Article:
HomeCII/OTD-Link Routers at Risk of Takeover Due to Zero-Day Exploit Vulnerability

D-Link Routers at Risk of Takeover Due to Zero-Day Exploit Vulnerability

Published on

spot_img

Researchers have recently uncovered a critical security flaw in a range of D-Link routers that could potentially allow hackers to seize control of the devices and carry out commands with root privileges. The SSD Secure Disclosure team of researchers unveiled a proof-of-concept exploit targeting a vulnerability associated with the handling of HNAP login requests in the D-Link DIR-X4860 series of routers, as detailed in a recent blog post published on May 14. This vulnerability could be exploited as part of a series of vulnerabilities to achieve complete device takeover.

According to the post attributed to “Noamr” of the SSD team, “Security vulnerabilities in DIR-X4860 allow remote unauthenticated attackers that can access the HNAP port to gain elevated privileges and run commands as root.” The post further elaborates on how combining an authentication bypass with command execution could lead to the entire compromise of the device.

The primary concern arises due to the improper implementation of the authentication algorithm within the router’s handling of HNAP login requests. HNAP, a SOAP-based protocol utilized for the identification, configuration, and management of network devices, lacks the necessary security measures. This loophole allows attackers to escalate privileges and execute code within the context of the router itself.

The critical flaw stems from the failure to implement the authentication algorithm correctly, granting attackers the ability to manipulate the system to their advantage. Despite repeated attempts by the SSD team to notify D-Link about the issue, no response has been received from the company regarding a potential patch or solution. This lack of urgency on D-Link’s part raises concerns about the security of vulnerable devices, especially since past vulnerabilities have been exploited to create botnets or steal sensitive data from network attached storage devices. D-Link has previously been the target of a significant security breach, further emphasizing the importance of addressing these security issues promptly.

The attack chain highlighted by SSD outlines a step-by-step process for bypassing authentication and exploiting the HNAP flaw effectively. By sending a specially crafted HNAP login request and leveraging the response data, attackers can create a legitimate password for the admin account, granting them unauthorized access to the device. This exploit underscores the need for robust security measures and prompt response to address critical vulnerabilities in network devices.

The specifics of the HNAP flaw within prog.cgi, the component handling HNAP requests on specific TCP ports, further highlight the potential risks associated with this vulnerability. The lack of proper validation of user-supplied strings before executing system calls could enable attackers to execute malicious code within the root context of the device, posing a severe threat to its security.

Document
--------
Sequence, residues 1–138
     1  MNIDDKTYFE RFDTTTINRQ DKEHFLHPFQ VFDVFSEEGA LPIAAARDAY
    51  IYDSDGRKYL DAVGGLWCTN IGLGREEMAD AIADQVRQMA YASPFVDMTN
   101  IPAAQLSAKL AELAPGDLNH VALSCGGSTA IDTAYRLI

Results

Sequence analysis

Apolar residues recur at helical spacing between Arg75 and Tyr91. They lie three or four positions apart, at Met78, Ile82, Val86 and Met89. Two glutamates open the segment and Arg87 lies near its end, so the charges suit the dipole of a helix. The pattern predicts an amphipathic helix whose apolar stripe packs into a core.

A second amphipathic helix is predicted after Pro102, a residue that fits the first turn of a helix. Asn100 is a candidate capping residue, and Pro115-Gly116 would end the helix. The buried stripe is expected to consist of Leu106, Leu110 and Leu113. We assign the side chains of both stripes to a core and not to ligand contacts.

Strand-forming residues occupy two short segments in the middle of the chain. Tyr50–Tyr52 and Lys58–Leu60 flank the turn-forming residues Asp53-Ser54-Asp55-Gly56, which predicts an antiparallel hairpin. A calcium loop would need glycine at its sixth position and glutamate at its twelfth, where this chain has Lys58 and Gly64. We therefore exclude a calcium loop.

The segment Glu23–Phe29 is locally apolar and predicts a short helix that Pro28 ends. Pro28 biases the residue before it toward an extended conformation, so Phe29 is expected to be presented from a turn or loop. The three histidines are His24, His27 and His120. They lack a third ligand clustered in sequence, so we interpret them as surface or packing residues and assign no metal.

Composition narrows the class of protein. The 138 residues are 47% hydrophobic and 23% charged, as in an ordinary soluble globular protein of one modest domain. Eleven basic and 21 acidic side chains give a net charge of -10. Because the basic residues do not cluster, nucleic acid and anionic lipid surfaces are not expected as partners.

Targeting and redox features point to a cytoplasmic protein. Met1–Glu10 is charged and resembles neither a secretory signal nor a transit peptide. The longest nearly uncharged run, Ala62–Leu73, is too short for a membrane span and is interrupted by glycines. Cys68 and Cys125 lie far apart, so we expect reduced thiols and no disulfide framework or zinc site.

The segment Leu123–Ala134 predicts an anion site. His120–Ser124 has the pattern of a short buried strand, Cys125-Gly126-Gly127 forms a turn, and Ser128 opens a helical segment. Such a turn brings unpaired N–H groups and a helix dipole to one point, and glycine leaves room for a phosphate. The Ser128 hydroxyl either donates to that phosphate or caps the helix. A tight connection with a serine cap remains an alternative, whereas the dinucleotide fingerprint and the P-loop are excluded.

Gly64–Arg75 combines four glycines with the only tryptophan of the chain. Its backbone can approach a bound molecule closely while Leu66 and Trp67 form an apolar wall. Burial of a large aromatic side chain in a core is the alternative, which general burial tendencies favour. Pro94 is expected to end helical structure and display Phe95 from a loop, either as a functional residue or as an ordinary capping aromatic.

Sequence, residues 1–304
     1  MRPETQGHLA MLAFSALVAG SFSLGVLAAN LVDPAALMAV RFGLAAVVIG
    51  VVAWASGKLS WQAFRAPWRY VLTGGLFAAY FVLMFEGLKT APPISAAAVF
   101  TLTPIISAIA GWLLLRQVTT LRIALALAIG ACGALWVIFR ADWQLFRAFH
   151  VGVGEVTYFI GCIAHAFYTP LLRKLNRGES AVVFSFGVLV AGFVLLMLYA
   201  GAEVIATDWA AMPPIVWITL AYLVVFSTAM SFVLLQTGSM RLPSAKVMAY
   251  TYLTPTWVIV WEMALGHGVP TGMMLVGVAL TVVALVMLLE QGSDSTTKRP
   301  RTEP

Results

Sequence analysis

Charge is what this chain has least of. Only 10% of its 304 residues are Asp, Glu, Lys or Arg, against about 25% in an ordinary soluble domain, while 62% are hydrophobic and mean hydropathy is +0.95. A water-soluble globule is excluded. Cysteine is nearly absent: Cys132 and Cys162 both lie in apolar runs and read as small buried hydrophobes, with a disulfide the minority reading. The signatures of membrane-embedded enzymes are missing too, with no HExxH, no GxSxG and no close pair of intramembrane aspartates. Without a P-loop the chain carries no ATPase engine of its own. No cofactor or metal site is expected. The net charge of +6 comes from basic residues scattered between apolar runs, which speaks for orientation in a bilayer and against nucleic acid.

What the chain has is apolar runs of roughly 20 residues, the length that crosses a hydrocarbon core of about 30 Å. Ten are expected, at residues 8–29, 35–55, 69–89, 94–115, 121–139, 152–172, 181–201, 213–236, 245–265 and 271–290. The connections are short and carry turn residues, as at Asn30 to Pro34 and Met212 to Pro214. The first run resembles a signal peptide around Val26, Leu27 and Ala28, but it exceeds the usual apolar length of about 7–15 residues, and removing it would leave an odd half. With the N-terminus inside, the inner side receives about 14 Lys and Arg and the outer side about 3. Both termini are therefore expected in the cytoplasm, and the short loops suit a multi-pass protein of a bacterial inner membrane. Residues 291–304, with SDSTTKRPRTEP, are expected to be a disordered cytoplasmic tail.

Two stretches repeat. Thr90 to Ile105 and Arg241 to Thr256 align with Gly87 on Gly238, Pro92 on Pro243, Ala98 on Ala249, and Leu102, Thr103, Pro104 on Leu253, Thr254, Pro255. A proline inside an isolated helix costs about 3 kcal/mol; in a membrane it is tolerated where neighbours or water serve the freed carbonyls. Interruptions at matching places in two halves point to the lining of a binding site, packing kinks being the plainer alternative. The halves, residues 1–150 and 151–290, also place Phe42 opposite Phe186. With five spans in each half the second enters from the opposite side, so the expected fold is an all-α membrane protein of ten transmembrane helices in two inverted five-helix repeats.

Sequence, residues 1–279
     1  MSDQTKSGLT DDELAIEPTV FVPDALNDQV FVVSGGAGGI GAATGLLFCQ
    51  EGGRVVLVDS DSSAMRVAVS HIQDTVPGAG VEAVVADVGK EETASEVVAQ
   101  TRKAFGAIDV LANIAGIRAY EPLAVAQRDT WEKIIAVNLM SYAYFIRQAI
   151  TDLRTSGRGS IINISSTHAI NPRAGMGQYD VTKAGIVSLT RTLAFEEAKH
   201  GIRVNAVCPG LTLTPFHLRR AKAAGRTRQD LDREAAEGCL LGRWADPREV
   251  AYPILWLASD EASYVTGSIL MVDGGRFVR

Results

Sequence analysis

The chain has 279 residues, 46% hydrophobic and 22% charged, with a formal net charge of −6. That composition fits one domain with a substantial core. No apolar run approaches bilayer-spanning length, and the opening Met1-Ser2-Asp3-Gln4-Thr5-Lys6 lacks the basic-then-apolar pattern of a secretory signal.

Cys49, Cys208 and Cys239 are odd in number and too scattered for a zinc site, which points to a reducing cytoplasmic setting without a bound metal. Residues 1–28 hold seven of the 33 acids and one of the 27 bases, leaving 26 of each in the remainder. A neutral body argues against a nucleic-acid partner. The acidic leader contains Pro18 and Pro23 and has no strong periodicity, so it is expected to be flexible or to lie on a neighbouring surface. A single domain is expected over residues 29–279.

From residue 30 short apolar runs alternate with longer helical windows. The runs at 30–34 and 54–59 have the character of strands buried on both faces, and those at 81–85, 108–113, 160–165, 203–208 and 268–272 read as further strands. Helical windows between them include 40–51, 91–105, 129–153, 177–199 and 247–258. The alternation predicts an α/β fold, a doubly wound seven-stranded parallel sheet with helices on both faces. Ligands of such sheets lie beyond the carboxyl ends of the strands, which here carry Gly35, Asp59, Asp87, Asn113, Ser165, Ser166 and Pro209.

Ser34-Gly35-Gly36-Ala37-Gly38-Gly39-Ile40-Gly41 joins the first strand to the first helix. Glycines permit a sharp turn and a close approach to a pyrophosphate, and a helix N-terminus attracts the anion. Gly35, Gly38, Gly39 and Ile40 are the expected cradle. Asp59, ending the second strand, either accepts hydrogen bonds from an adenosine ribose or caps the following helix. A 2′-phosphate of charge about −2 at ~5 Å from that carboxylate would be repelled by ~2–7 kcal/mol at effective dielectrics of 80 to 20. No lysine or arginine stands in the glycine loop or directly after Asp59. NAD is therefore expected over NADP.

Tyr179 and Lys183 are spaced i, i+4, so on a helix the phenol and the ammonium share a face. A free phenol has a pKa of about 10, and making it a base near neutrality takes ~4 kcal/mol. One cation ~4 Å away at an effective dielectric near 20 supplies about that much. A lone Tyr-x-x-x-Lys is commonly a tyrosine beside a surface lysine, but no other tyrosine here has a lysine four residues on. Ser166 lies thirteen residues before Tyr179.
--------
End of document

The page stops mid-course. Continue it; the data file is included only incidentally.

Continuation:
Despite the efforts made by the SSD team to notify D-Link of the vulnerability, the lack of response from the company has left researchers with no clear solution to mitigate the risks posed by this flaw. As a last resort, the vulnerability disclosure has been made public to bring attention to the issue and urge users to take necessary precautions, such as disabling remote access management interfaces, to avoid exploitation.

In conclusion, the discovery of this zero-day exploit in D-Link routers serves as a stark reminder of the constant threat posed by security vulnerabilities in network devices. The timely identification and mitigation of such flaws are essential to safeguarding the integrity and security of devices connected to the internet. It is imperative for manufacturers and users alike to remain vigilant and proactive in addressing potential security risks to prevent unauthorized access and data breaches.

Source link

Latest articles

Colleges Targeted by Advance Fee Fraud Schemes Offering Free Pianos

A recent email scam has been uncovered by cybersecurity firm Proofpoint, featuring deceptive piano-themed...

Exploit for Fortinet Critical RCE Bug Allows SIEM Root Access

A critical vulnerability in Fortinet's FortiSIEM product has recently been exploited, raising concerns about...

Microsoft reveals North Korea’s Moonstone Sleet

Microsoft Threat Intelligence teams recently made a significant discovery regarding a new hacker collective...

AI, Deepfakes, and Digital ID in Corporate Cybersecurity: Exploring the Emerging Frontier

The emergence of deepfakes has sparked a new wave of concern in the cybersecurity...

More like this

Colleges Targeted by Advance Fee Fraud Schemes Offering Free Pianos

A recent email scam has been uncovered by cybersecurity firm Proofpoint, featuring deceptive piano-themed...

Exploit for Fortinet Critical RCE Bug Allows SIEM Root Access

A critical vulnerability in Fortinet's FortiSIEM product has recently been exploited, raising concerns about...

Microsoft reveals North Korea’s Moonstone Sleet

Microsoft Threat Intelligence teams recently made a significant discovery regarding a new hacker collective...
en_USEnglish